Which is a lie, because in public, nobody has a right or expectation of privacy.
Least of all public officials like police.
You can see a new video below, Warden talking about the agony of having been first assaulted and then attacked with complaint censorship on his news channel and three false complaints aimed at censoring his citizen journalism.
It’s his only way to monetize important public interest news-gathering activities.
It’s where he tells the world about official abuse.
Complaint censorship happens with false or improper complaints submitted with intent to damage a citizen journalist or news outlet’s online publishing access or tools.
In fact, they miserably fail the two prong test established in Katz vs. US which is the seminal Supreme Court case which was nominally about the 4th Amendment and when a police officer must use a warrant to discover or search private information vs. what is already in public and anyone can see:
If (1) the individual “has exhibited an actual (subjective) expectation of privacy“, and (2) society is prepared to recognize that this expectation is (objectively) reasonable, then there is a right of privacy in the given circumstance.
The answer is clearly no to this test for public officials, who are performing their official duties in public.
Same goes for security guards in public too.
But often, complaint censorship arises when police performing their duties in public are recorded and videos published, or persons convicted of crimes caught on those videos or those who’re the subject of unflattering news coverage they’d rather disappear from the web in an effort to erase history.
In fact, they are some of the very same officials who assaulted PINAC Correspondent David Warden outside of a Federal building in Houston this week.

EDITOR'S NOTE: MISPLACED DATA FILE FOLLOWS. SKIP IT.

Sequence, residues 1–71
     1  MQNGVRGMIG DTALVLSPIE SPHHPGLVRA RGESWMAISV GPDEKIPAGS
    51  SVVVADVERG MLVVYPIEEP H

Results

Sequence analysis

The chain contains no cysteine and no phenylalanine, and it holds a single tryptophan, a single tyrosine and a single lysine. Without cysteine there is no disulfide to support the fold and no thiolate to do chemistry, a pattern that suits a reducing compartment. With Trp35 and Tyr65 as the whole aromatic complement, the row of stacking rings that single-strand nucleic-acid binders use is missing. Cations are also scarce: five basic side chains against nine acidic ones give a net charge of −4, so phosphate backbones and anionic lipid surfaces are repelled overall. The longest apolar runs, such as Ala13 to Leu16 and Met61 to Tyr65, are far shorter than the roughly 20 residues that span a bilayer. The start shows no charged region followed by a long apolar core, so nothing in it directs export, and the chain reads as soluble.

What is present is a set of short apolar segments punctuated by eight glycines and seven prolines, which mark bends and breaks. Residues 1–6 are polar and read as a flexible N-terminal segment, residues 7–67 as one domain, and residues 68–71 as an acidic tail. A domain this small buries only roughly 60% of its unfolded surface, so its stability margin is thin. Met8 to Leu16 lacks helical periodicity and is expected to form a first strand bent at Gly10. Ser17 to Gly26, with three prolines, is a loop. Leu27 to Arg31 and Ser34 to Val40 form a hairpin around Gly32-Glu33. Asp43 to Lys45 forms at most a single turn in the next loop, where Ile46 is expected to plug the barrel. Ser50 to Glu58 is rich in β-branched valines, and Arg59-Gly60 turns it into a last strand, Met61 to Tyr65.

“One thing that bothers me more than anything else,” said Warden who is a military veteran, “is public servants who think they should not be held accountable to us for their actions.”
Indeed, complaint censorship activists are attacking PINAC News’ YouTube account t00, removing a video depicting protesters attacked by white supremacists shouting hate speech, which was deleted for… hate speech by the attackers.
A PINAC correspondent’s account was flagged in Arizona just last week, by the man convicted of assault for his actions in that video.
David Warden, also recently received complaints from an unknown YouTube viewers, on three videos on hisYouTube channel, which resulted in the removal of one video and is presently attempting to remove two others.
“I’ve had three removed in one week,” said Warden. “Last year I only had one removed.”
The first complaint he received about videos on his channel stemmed from one where he recorded Paragon security guards who approached him in a golf cart. Paragon is a private security company that’s employed by the government to provide gate security for the FBI.
In that video, when security guards approached him; he took some video footage of them, and they left.
“That video only lasted for about five or six minutes. It was no big deal.”
Even though photography is not a crime, that video was removed by YouTube.
Warden said that video is gone for good.
So we’re unable to show it.
Warden’s Police Accountability Movie Project
The second complaint stemmed from an interaction with Harris County constables from Precinct 1 when Warden video-recorded Sgt. Barrientos after they approached him while he was recording footage for his future documentary Blue Privilege.
In it, Warden documents things like police cars illegally parked in no parking zones.
Warden had just walked out of court, after being exonerated from charges stemming from recording a Shell Oil refineryduring another First Amendment audit, when he began gathering footage for his upcoming documentary outside of Harris County Precinct 1 and encountered the constables.
They approached and the typical dialogue ensued about why he was there and what he’s doing.